HR challenges are almost always also opportunities, and where many might see
One of the unique challenges McDonald’s Canada Chief People Officer Len Jillard faces lies in the nature of his workforce: 50% of employees are 18 years-old or younger. While the possibility of generational conflict and misunderstanding may seem inevitable as a result, McDonald’s takes strides to appreciate the unique needs of students and Millennials.
The company has awarded workers over $2 million in scholarships, and partners with such schools as with British Columbia Institute of Technology (BCIT) to offer leadership development coursework. In addition, it hosts a National Hiring Day every year, where it welcomes candidates to its restaurants to learn about the opportunities that exist at McDonald’s. Many are interviewed on the spot, and 6,200 were hired this year alone.
Finally, youth outreach wouldn’t be complete without a social media component. McDonald’s realized that the way people communicate has changed, and decided to take part in that transformation.
“I know with my kids, I can pick up the phone and call them, but they won’t answer. If I send an email, I might hear back in a week or two. But if I text them, I get a response in about 10 seconds. It’s bizarre to me, but if I knew if I wanted to keep in touch with them, I had to figure out how they talk,” says Jillard.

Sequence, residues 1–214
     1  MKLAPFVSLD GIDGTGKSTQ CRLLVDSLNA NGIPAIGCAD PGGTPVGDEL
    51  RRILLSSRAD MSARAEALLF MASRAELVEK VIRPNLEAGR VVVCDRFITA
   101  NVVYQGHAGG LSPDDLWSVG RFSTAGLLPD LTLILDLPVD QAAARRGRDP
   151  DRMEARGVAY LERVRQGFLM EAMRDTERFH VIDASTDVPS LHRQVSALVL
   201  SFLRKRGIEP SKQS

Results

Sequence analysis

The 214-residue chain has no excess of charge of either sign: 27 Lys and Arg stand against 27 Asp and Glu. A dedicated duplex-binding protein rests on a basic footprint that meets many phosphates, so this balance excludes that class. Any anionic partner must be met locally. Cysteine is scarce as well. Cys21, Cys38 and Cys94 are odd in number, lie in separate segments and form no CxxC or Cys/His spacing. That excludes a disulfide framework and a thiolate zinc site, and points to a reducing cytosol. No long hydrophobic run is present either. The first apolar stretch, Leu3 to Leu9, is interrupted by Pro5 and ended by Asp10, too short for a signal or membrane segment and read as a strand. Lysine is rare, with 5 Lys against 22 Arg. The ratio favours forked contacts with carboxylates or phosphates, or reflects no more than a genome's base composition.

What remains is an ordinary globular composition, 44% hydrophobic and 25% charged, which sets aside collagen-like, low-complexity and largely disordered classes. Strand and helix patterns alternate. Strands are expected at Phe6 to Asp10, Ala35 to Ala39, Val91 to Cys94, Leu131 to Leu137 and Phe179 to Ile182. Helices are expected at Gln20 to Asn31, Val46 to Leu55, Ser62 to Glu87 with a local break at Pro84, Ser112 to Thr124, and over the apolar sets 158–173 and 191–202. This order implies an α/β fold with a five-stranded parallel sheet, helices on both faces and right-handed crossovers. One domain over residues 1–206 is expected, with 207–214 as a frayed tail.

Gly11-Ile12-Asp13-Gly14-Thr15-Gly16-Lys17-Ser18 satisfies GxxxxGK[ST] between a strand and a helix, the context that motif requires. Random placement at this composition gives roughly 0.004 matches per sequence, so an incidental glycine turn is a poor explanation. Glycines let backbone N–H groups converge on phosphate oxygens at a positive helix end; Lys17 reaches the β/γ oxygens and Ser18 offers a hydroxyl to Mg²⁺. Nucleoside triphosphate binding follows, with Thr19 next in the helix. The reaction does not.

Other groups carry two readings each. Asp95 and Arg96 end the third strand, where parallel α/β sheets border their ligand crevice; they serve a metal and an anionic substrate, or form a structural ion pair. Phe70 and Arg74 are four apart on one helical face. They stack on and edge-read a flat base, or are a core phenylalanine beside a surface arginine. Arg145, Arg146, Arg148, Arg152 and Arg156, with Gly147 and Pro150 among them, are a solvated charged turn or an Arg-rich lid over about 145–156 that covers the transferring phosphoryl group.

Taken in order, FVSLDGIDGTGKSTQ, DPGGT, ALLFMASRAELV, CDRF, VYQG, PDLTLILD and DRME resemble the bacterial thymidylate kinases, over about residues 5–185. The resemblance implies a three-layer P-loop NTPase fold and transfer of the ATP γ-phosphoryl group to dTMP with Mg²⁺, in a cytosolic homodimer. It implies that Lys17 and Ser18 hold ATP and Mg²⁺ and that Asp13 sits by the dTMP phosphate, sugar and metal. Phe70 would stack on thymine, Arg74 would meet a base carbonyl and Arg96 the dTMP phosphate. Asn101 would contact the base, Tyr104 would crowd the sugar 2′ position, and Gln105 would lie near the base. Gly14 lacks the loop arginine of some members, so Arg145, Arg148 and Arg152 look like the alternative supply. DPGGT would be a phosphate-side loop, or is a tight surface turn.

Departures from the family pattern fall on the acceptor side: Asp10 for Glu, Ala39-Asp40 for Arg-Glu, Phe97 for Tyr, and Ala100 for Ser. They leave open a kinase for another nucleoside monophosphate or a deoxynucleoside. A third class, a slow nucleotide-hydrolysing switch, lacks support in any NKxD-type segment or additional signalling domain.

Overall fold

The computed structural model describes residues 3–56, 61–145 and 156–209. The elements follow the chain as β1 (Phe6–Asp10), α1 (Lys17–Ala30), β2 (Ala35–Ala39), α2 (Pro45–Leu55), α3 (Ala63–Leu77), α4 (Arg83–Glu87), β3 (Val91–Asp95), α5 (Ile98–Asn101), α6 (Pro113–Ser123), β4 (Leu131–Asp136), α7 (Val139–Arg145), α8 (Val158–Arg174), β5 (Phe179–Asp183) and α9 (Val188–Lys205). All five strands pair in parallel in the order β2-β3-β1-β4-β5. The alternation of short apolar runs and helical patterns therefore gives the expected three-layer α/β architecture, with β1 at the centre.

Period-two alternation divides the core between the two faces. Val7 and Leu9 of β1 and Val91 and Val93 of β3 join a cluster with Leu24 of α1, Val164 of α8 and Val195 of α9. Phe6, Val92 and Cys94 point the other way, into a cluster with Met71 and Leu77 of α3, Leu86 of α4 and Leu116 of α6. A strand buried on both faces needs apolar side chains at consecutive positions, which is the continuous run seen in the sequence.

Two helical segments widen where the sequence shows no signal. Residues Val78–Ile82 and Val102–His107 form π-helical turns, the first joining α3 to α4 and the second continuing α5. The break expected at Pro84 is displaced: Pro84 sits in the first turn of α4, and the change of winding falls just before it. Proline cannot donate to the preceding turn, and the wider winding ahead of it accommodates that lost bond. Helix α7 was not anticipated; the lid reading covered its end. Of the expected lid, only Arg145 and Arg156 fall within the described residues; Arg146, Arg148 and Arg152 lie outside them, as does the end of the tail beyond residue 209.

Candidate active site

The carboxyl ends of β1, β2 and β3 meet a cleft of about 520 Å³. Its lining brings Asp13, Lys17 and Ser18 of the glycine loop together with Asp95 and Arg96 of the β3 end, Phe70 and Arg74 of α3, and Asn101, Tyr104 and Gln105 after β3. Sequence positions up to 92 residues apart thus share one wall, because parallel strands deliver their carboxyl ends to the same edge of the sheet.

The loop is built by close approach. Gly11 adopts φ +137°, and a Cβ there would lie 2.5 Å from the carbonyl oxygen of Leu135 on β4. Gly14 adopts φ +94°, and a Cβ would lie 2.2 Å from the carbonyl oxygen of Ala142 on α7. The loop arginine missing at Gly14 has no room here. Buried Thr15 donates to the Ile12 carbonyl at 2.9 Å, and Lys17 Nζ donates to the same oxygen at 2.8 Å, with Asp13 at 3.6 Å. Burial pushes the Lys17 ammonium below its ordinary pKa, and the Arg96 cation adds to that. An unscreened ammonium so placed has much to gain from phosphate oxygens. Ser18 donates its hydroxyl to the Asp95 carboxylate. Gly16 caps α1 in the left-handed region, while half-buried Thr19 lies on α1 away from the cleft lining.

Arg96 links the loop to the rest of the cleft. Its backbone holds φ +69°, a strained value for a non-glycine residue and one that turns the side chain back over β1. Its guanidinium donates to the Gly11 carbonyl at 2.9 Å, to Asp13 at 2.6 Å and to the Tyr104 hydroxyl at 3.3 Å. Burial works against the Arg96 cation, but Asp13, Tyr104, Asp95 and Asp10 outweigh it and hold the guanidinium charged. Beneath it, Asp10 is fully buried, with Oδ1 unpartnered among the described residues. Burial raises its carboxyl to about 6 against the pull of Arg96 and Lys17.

In that vein, the company is about to unveil a new smartphone app called ‘MyMcD,’ which will be used to showcase new products and promotions, highlight top performing employees and restaurants, and allow for workers to send feedback to the organization. This new engagement portal will allow for real-time communication, and ensure that both sides are as up-to-date as possible on McDonald’s internal and external affairs.
Hear more from Len Jillard at the HR Leaders Summit on November 6 and 7. Visit www.hrleaders.ca for more information.